On Sunday, Fitzy offered his readers the exclusive revelation that he’d seen Tony Abbott in a Mosman café (fitting place for a Jesuit schooled in the particular dimensions of hell), an historic summit he felt compelled to share with his social media adorers well before bothering with his paying readers. “In my post I noted I had tried once again to talk some political sense into him, but failed.” Again, our column is as tough on Abbott as anyone. But even setting aside FitzSimons’ incapacity to question the news value of what he ate for breakfast, he then inflicts his untutored “political sense” upon a former Prime Minister. Marvel at the bashfulness of Kissinger and the dullard wisdom of Enya. For its soaring amour-propre, this rivalled The Sun-Herald‘s nuclear-hyping of Abbott’s Warringah opponent Zali Steggall. “I have been tangentially involved with one of the well-organised groups backing her,” went the pirate impersonator’s loaded confession, “having declined their invitation to stand myself”. Note the moment unbearable’s outer limits (as hitherto understood) were cruelly rewritten.
Back to yesterday and Fitzy then dedicated more than 300 words to plugging his wife’s pre-recorded interview that very evening. “The interview will screen 6.30 tonight on The Sunday Project on Channel Ten.” This hubris belongs in a lab.
To be fair, the spectrum of journalism – and what passes for it – remains as nebulous today as it does subjective, this column standing as living proof. But consider fully the FitzSimons oeuvre: a storied pisshead who gave up drinking only to segue it into a blokey rip-off of Sarah Wilson‘s I Quit Sugar and now argues removing alcohol from rugby league players is the panacea for their proneness to sexual and violent crimes against women, rape being the aberrant reluctance of us drinkers without salary caps; he trousers cash to front TV ads for Uber Eats, his megaphone unceasingly an impenitent billboard for his and Lisa Wilkinson‘s manifold interests, their hunger for adulation second only to theirs for full pockets; busted plagiarising his red bandanna shtick from Toulon rugby coach Daniel Herrero, his breezy non-denial being that “I’ve decided I like too much red wine, sneaking packets of salt and vinegar chips and wearing ludicrous red bandannas in public”, then giving up the sociologically explicable two of those three dependencies; the Australian Republican Movement’s chair who couldn’t resist the vainglory of the Order of Australia’s siren call, his (and his wife’s) low-tier honour a gift of the Queen herself; his whole tired output a surreal collation of other people’s tweets and Reader’s Digest jokes.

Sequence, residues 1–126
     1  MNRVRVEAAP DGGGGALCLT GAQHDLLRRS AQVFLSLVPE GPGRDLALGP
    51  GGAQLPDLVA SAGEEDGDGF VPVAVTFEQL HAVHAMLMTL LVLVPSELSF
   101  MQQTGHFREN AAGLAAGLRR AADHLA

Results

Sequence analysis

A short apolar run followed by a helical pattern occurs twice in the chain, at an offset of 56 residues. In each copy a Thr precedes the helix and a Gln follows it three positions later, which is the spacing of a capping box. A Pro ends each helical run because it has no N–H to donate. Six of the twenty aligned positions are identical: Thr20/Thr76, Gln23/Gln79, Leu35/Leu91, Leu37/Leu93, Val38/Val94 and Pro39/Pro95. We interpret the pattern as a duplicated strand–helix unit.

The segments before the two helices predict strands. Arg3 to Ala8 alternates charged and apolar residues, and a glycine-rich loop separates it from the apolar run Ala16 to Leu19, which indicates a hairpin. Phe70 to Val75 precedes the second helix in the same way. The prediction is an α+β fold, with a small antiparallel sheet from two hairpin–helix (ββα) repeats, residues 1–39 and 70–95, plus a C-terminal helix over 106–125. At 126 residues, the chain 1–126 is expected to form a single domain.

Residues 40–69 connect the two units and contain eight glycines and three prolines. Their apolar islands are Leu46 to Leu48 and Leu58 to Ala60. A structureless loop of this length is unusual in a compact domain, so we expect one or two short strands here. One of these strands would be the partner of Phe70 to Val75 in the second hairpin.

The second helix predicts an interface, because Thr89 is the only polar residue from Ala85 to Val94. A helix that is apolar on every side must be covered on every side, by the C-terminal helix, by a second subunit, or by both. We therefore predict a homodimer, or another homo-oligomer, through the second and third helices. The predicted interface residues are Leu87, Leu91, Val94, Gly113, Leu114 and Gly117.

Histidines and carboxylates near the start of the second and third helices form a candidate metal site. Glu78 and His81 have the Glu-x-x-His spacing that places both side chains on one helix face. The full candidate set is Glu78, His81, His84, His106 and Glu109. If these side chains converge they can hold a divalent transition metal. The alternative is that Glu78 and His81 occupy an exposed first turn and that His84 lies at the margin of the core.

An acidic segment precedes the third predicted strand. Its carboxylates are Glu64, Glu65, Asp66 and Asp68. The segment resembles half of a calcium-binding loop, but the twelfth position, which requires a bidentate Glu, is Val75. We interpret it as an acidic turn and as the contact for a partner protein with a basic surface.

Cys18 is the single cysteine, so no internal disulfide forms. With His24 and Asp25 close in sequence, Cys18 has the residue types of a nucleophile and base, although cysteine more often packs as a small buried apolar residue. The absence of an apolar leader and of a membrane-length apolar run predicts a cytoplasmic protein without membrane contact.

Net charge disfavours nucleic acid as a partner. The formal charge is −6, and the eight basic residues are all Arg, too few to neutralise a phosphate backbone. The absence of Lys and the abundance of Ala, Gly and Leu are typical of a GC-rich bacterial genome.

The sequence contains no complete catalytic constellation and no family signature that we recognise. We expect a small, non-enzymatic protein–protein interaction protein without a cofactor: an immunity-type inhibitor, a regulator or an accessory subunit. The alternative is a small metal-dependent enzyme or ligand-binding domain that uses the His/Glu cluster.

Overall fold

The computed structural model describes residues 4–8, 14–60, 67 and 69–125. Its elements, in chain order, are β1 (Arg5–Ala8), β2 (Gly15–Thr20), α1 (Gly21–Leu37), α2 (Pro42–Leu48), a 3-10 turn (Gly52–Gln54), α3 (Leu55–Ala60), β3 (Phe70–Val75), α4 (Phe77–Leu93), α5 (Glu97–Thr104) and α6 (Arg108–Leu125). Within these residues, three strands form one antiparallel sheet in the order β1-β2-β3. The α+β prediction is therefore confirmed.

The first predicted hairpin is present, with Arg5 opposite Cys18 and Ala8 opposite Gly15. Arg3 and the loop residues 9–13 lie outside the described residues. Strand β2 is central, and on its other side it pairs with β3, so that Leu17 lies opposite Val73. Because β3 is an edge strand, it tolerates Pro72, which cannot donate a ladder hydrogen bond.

Fran Lebowitz remarked in 2016 that Donald Trump is “a poor person’s idea of a rich person.” In this spirit, Fitzy is a stupid person’s idea of a smart person. As in, he’d be absolutely perfect in The Sunday Telegraph.
If our sibling masthead is serious about reversing the editorial dumb-down its veering advertising model necessitated several years ago, it might reconsider offering Sydney’s high spenders a mercantile mouth-breather in a party costume. “He’s the only reason to buy The Sun-Herald,” his defenders hold. He’s also the reason many refuse to. His predecessor on its back page? The mellifluous and canny Annabel Crabb.
And it’s only eight years since Fitzy’s colleague Kate McClymont, the embodiment of a newspaper’s civic mission, tirelessly pursued and established the astonishing corruption of the state Labor government he is now barracking to return over a f—king football ground. McClymont’s campaign was built upon a back-breaking imposition of our profession called “research”. Conducted herself, not deferred to the help, nor dictated in the third person. Actual journalism.